Todd Charron is reporting about the Agile Coach Camp Canada 2011, in Montreal, Quebec where Michael Spayd demonstrated a powerful coaching technique called Systemic Constellations. Systemic Constellations comes from family systems therapy and was developed by Bert Hellinger.
Agile coach Morgan Ahlström recently turned to the Agile Coach Support mailing list to ask how to deal with an organization that said they wanted the benefits of becoming more agile, but was behaving in ways contrary to that goal.
How do you work with difficult and uncooperative people? People who are combative or unprofessional? People who seem actively opposed to the agenda?
Agile Coaching has emerged as an essential role found in and around agile teams. New teams need basics, competent teams sometimes get lost, and great teams want to get better. Coaching has arrived. InfoQ caught up with author Lyssa Adkins and asked a few question about agile coaching.
Most organizations hire Agile coaches to carry out an organization wide Agile transformation. The intention is to have a lean and fit organization by the time coaches walk out of the building. However, it is very difficult to achieve transformation that improves the end-to-end delivery process and is sustainable if the transformation just begins at the team level.
Stakeholders of an Agile project often seek the help of a seasoned Agile coach to gauge the effectiveness of the Agile process and practices that their team is following. The intention is to plug the holes and make the team more effective. Recently, on the Scrum Development group, Scott Killen started a thread on how to do an audit on an Agile team.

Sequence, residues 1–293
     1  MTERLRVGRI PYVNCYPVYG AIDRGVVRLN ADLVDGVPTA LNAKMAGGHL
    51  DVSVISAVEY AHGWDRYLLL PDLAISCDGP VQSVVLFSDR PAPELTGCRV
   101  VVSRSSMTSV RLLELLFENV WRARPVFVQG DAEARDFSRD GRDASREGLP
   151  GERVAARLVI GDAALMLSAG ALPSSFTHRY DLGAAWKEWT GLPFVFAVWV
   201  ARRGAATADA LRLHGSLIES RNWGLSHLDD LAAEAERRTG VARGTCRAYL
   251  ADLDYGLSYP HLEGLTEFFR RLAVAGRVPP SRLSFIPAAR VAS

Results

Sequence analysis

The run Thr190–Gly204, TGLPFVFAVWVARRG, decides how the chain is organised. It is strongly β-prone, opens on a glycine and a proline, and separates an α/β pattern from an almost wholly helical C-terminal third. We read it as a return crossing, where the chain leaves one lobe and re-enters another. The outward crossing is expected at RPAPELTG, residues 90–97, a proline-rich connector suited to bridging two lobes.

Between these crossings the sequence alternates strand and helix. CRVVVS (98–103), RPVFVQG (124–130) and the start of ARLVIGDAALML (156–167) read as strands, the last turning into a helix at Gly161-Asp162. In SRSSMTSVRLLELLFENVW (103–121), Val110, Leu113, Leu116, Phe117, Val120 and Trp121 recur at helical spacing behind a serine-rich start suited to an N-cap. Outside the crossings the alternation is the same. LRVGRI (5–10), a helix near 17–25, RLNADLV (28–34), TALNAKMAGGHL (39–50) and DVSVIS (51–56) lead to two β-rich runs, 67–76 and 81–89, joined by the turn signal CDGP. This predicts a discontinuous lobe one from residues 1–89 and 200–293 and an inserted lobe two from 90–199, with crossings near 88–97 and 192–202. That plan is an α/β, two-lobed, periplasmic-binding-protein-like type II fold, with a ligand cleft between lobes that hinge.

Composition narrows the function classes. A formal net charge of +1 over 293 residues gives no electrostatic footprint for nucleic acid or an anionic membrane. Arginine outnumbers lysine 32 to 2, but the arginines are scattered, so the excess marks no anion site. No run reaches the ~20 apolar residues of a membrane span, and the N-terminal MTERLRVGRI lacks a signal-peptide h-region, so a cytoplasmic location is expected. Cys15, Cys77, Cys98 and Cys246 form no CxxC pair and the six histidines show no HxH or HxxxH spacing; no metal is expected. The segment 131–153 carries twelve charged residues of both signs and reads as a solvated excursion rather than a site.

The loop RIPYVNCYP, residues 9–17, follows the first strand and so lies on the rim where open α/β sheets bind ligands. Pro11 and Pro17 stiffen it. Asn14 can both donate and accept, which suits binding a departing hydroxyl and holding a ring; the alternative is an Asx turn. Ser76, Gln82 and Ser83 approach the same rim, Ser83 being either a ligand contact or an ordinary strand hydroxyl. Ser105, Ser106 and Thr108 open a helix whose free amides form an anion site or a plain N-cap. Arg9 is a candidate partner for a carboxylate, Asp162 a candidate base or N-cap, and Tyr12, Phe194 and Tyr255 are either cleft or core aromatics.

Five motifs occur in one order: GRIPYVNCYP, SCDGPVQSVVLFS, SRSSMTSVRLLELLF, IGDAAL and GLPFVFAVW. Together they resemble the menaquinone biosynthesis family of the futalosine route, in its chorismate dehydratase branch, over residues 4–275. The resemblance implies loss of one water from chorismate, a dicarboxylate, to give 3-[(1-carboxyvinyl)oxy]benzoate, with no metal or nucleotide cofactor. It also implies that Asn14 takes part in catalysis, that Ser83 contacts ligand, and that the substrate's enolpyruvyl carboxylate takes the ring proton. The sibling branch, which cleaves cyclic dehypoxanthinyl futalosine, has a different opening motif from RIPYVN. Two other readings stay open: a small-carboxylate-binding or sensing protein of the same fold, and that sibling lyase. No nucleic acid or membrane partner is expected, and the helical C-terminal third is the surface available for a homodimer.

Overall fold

Rashina Hoda is a PhD researcher who has been examining how self-organization actually happens on teams. She has studied teams in New Zealand and India and identified six distinct roles that emerge when teams effectively self-organize. She spoke to InfoQ about her research, which will be published at the International Conference on Software Engineering (ICSE2010) to be held in Cape Town in May.
The Agile community is developing consensus around three important areas of practice: requirements gathering, agile coaching, and open space formats for group learning. At the recent Scrum Gathering, these topics were prominent topics of discussion on Day 1, Day 2, and Day 3 of the event. InfoQ explored each of these further to gain a better understanding of their place in Agile.
March 19 - 21, agile coaches will gather in Durham, North Carolina to share, learn, and improve their skills. Registration for this event costs no money, but each participant must write a position paper in order to qualify. The event will have no preset agenda of sessions. Instead, the Open Space approach will be used, and participants will create the agenda at the event itself.
Discussions about agile's "decline and fall" have been a somewhat recurring theme here on the AgileQ, and in the community in general, centering around sentiments that people aren't adopting agile effectively, that they're doing it wrong and screwing it up. Kevin Schlabach poses the idea that the agile community itself, by not growing new leaders, has a hand in causing this.
Rachel Davies and Liz Sedley, co-authors of the book Agile Coaching, gave a fun session “Top Ten Tips for Agile Coaches”. The session could well have been called “Top Ten Things that Many Agile Coaches get Wrong”.
Increasingly there are reports of initial success followed by failures with Agile adoption. Sometimes these problems are inadvertently caused by Agile coaches.
Ruby on Rails has been around for about 5 years and in those years developers have created a lot of applications. Many of those applications were created while learning Ruby and Ruby on Rails and may not have used the best practices but yet made it into production web sites. These web applications can be problematical but a new book focused on the solution is available.